Returning to the Roots

Mo‘orea became a French colony in 1880, and in the 1900s the French introduced species from their own gardens, including Miconia (Miconia calvescens). Miconia, which now fringes most marae sites with its waxy broad leaves, is an invasive species that threatens to shade out the Maohi cultivars and native plants that have grown in Mo‘orea’s forests for centuries.

Today in the ‘Oponohu Valley, instead of terraced fields next to marae and elaborate forest gardens, you see cookie-cutter pineapple plantations with exposed blood red soil. Much of the knowledge of agricultural traditions, along with 80 percent of the population, was wiped out in the 1800s by diseases brought from Europe. The mono-cropped pineapple plantations on Mo‘orea are in sharp contrast to the biologically and structurally diverse agricultural systems of pre-European times. There once were more than a dozen varieties of bananas on Mo‘orea, according to Lepofsky.

Mo‘orea’s population, now about 16,000, is concentrated on the coasts, but there’s a surge of interest in returning to the rich soil of the valleys. There, among the old marae sites in the ‘Opunohu Valley, students like Tearai Marzin, who attends an agricultural high school, are tapping into their roots as they go out of their way to learn how to cultivate traditional Polynesian crops.

The interest in keeping tradition alive is growing, but traditional farming practices are still fairly limited. Marzin has had to turn to community leaders like Teavi-Murphy to connect her with elders who can share knowledge she can’t get at the school. “There is a lot to learn from them that isn’t part of the curriculum,” she says.

This interest in traditional agriculture is an example of a trend Lepofsky has seen in her work around the world—as people reclaim their heritage, they increasingly turn to lessons learned by their ancestors about how to sustainably interact with their environment.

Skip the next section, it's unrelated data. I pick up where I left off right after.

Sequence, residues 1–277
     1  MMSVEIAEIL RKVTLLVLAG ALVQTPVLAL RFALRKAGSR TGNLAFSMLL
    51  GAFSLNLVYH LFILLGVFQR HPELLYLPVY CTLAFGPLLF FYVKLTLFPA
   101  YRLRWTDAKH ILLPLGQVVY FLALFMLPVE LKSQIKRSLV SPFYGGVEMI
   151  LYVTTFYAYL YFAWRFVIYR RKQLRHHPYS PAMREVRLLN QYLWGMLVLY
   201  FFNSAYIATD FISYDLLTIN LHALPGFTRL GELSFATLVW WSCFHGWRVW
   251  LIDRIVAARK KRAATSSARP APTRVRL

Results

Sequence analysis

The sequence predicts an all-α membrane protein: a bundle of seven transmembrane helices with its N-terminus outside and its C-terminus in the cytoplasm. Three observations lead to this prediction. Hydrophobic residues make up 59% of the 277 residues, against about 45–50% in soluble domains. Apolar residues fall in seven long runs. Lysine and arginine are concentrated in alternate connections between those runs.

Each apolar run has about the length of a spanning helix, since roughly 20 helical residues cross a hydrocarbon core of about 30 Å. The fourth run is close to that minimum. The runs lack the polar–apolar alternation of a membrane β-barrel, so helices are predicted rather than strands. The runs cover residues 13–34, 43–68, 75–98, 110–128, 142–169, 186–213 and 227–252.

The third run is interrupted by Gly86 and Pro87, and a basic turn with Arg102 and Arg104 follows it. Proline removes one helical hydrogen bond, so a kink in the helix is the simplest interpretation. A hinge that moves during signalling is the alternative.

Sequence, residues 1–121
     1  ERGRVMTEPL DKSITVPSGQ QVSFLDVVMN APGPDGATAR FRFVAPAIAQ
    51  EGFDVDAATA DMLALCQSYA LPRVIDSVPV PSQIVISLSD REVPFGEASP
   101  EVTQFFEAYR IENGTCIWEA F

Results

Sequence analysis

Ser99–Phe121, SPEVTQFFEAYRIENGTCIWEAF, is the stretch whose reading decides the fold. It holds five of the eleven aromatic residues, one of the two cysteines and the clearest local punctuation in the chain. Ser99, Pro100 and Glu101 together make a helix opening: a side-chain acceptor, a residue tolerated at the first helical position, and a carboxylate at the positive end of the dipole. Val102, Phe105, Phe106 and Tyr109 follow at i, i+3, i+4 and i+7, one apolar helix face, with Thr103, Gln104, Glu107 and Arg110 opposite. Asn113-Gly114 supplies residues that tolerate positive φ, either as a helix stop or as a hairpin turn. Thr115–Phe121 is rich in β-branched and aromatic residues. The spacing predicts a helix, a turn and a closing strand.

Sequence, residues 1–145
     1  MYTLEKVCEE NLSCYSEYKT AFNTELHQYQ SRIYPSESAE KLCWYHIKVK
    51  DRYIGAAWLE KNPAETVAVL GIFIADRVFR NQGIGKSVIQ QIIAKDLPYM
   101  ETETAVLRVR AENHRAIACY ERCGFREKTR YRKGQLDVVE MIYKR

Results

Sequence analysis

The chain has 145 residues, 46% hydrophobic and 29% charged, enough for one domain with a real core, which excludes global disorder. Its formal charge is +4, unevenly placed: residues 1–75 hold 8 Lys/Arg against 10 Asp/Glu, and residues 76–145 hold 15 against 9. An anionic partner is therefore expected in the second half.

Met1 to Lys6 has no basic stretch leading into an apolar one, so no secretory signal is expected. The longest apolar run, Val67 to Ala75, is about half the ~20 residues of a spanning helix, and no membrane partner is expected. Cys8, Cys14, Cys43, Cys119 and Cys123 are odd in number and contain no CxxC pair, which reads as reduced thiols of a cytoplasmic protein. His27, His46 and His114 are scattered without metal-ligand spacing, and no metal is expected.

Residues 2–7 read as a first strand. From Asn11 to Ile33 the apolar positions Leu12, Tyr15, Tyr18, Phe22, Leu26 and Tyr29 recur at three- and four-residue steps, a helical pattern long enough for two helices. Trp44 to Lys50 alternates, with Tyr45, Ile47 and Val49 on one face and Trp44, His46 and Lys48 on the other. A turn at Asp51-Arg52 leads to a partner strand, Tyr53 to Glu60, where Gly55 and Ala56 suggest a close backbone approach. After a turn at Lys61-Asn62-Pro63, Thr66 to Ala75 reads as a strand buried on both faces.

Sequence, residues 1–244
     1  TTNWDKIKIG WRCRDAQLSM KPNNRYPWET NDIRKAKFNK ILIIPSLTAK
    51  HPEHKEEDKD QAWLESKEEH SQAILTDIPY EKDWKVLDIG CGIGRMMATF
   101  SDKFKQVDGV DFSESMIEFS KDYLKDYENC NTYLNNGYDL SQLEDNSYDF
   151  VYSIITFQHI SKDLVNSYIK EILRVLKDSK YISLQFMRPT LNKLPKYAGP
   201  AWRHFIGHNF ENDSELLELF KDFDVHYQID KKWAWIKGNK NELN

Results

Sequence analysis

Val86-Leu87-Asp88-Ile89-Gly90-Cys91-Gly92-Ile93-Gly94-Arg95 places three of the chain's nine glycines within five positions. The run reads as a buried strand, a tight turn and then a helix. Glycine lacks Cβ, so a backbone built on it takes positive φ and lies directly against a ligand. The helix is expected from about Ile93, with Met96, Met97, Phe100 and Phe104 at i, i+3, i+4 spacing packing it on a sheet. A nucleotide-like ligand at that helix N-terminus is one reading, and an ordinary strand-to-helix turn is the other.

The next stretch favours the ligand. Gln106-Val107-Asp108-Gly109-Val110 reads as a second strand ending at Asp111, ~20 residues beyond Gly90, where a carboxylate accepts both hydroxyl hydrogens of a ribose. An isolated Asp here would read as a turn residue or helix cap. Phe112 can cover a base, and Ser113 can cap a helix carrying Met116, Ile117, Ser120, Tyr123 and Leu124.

“There is an inextricable link,” she says, “between biological and cultural diversity.

Original article:

Tasha Eichenseher in Mo‘orea

Published February 18, 2011

newsNationalGeographic.com

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Topic: Avocados and Millet

Avocado Tree

Certain foods, such as avocados and millet, have been associated with religion, healing, love, mortality, status and beauty. Look through any ancient literature, and you will see illuminating accounts of various foods and their “magical” powers on the human mind, soul and body. Therefore, it is no surprise that many of these myths and folklores play an important role in our own food choices today.

Many of these claims date back to as far as 2000 B.C. Whether there is any accuracy to these references, no one can really say. While a lot of these accounts cannot be proven, one thing is certain: the two foods featured here are of great nutritional importance.

Avocados – Ancient Aztec, Mayan and Inca cultures believed that avocados nourished the body externally as well as internally.

Mayan folklore tells how the famous Indian, Seriokai, was able to trace his unfaithful wife to the end of the world. The lovers adored avocados and ate them wherever they went. Seriokai followed the young trees, which sprang from the discarded seeds.

In Mexico, the avocado has long been considered an aphrodisiac. An old Aztec legend describes how young and beautiful maidens were kept in their rooms for protection during the height of the avocado season.

Nutritionally speaking, the avocado is good source of Protein, Vitamins A, C and E, and the B Vitamins thiamin, riboflavin and niacin and the mineral magnesium and other trace minerals. It is also high in potassium. (One cup of avocado cubes has about 900 mg.) Avocados are low in calories, contain no cholesterol and are low in sodium, making this plant a good choice for people on low sodium and low cholesterol diets. Moreover, since the avocado possesses natural oils, it helps lower the bad cholesterol. It is easy to understand why these ancient cultures made such claims to this unique fruit.